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I have several emailadresses and Im not sure how smart it is to publish them in this forum so except for the one in my signature i will fake one of them in description below (anyone having a good solution and needing the real adress may pm me though).

 

All day i have received emails on johndoe@somemail.com from various senders using my jikrantz.com as email.

 

Example: Last email i received on johndoe@somemail.com came from claudia@jikrantz.com. There is no claudia at that adress. Atleast not set up by me.

 

All these emails have been from different people @jikrantz.com

 

Since there is alot of viruses around us i have not downloaded any of them but previewed them through mailwasher.

 

All emails have been empty as far as i can see.

 

How can i find out who uses my domain as email and what can i do to stop it?

 

Addition: As far as i know and hope that these emails from blahblah@jikrantz.com has only been sent to johndoe@somemail.com. I sure hope so anyway, Im so tired of the ****-spam.

Edited by TCH-Thomas
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Viruses will do this, and that's probably what you are seeing. As soon as I migrated my domain email over here, I started receiving a ton of bogususer@****. You can't really do anything about it. Most of the people who are sending mail as you probably don't even realize it due to the virus infection.

 

Best thing is to set in your cpanel any mail that doesn't belong to a particular mail account to forward to ":fail:".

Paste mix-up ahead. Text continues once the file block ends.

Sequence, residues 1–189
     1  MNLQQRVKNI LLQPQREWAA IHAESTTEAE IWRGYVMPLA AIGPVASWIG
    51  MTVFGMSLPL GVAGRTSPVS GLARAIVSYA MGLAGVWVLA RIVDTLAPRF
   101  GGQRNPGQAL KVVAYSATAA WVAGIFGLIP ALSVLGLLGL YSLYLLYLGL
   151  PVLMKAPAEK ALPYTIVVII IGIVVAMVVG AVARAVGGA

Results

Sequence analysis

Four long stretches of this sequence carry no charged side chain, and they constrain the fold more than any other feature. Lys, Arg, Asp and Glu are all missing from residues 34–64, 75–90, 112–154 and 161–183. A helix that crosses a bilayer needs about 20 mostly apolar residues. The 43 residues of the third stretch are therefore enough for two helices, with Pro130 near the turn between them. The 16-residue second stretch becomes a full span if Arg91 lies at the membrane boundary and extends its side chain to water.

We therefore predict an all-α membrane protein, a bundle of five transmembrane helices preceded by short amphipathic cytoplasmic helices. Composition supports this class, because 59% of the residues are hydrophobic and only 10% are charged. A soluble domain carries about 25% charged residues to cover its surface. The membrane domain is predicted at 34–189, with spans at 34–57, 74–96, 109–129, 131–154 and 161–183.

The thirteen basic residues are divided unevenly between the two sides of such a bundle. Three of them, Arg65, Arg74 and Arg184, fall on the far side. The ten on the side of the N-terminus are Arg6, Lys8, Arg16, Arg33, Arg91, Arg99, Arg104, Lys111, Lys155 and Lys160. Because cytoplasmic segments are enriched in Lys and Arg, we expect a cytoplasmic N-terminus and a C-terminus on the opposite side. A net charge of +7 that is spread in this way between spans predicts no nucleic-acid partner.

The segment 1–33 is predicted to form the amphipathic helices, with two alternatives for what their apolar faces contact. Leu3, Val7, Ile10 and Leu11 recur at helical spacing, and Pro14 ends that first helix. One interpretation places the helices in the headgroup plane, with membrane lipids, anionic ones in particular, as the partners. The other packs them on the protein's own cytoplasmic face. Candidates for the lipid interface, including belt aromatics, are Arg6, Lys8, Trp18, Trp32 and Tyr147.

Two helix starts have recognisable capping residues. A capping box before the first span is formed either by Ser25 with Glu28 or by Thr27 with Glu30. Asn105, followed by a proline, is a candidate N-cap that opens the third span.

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Ok, thanks. :)

 

2 additional questions though...

 

1) You say:

Best thing is to set in your cpanel any mail that doesn't belong to a particular mail account to forward to ":fail:".

How do you mean? (Im a newbie on these things)

 

2) I noticed in cpanel that todays bandwidth is 1.70 mb so far. I havent done much uploads or viewing my site today more than once and there havent been many visitors either, so could those people have sent big emails from my domain?

I have gotten and sent some emails, but i figure plain text emails doesnt take much bandwidth?

What i mean is that 1.70 mb is just too much for one day in my case.

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There are two special entries that can be used in forwarders or as your default address, :fail: and :blackhole:. Be sure to include the colon and the beginning and end.

 

The first, :fail:, will cause any email coming to that address to be rejected. You can add a message after it such as :fail: Sorry but he doesn't want your mail. This will cause a bounce message to be sent if mail is sent to that address and it will say Sorry but he doesn't want your mail.

 

The second, :blackhole:, will simply delete any mail sent to that address. No bounce message will be sent.

 

Big Gorilla is right, to eliminate spam sent to random addresses using your domain it is best to set the default to discard any message not directed to one of your real accounts.